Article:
The Finnish Interior Ministry is pushing for changes in laws on asylum applications that would make it impossible for the same person to re-apply multiple times – as is now in effect allowed. The moves would also boost the police’s ability to deport those who try to apply for asylum more than once without just cause.
At present, those whose applications are rejected often try to start new asylum processes before police deport them, says the ministry.
In theory, one can submit an unlimited number of new asylum applications. By law, each application must be re-examined if the applicant presents new grounds for it.
Some re-apply as delaying tactic
The number of re-applications and their share of overall applications have grown, as there are thousands of people in the country whose have received negative asylum decisions and are trying to avoid being sent back to their homelands. More than half of those filing repeat applications are Iraqis.
“We intend to clarify the procedures on asylum seekers’ re-applications so that those with appropriate reasons will be processed, but misuse with the aim of creating a delay will be limited, particularly from the third application on,” Interior Minister Kai Mykkänen said in a statement on Wednesday.
As it is, repeat applications are not considered unless they are submitted based on new grounds. And under current law, an individual can be deported if they have re-applied using the same rationale as before.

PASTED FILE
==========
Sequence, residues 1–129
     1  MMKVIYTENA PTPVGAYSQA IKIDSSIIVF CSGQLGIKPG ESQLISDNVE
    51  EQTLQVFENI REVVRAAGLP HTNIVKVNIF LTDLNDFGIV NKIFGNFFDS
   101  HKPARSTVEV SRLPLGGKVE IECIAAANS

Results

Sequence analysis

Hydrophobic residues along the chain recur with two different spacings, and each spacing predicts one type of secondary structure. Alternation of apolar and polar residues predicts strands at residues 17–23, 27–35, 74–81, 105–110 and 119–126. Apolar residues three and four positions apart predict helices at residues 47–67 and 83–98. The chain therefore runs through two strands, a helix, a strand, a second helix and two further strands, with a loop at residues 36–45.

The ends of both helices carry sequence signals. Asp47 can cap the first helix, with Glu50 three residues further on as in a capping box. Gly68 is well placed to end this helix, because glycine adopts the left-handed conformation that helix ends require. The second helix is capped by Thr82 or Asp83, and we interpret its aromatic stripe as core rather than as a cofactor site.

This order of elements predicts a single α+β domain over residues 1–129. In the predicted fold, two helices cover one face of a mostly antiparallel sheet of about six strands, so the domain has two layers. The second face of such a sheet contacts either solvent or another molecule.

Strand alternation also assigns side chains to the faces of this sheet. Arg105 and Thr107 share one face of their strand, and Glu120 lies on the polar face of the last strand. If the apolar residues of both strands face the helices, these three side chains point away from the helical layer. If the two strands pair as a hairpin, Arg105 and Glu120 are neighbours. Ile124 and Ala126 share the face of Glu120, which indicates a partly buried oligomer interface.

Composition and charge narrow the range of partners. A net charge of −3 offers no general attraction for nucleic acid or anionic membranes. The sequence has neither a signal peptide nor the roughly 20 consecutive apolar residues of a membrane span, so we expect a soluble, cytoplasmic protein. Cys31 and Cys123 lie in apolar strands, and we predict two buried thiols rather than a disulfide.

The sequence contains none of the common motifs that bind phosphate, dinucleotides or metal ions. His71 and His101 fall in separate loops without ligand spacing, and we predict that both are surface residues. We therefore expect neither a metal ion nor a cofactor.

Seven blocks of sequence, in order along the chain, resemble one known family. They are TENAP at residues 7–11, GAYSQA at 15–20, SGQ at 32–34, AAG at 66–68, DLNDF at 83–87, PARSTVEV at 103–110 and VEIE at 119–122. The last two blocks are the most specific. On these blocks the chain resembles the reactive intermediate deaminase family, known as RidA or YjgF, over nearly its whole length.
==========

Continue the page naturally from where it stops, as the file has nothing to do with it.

If the proposed legislative reform goes through, a person could be deported if a revised application is considered but then rejected. In other words, the change would make it easier for authorities to remove someone from the country if their first re-application has been dismissed as frivolous.
Religious conversions and homosexuality
The Interior Ministry says the idea is to get the message across that any re-application must cite a clear, valid reason for granting asylum.
“If someone has new grounds for asylum, they must be presented as early and comprehensively as possible,” says Kukka Krüger, Chief Senior Specialist at the Interior Ministry.
One reason commonly given for re-applications is an applicant’s reported conversion to Christianity and fear of persecution if he or she returns home. In another typical kind of case, an individual says that he or she failed to mention being gay in an original application, but cites this as grounds for a new filing.
Krüger says that such renewed applications would be considered even if the legislative change goes ahead.
“In practice a re-application [based on homosexuality] would be considered, because in these situations there may be good reasons why the issue was not raised earlier. Conversion to Christianity may also be a reason that has developed while an earlier application was being evaluated. So in practice such applications would also be considered,” she tells Yle.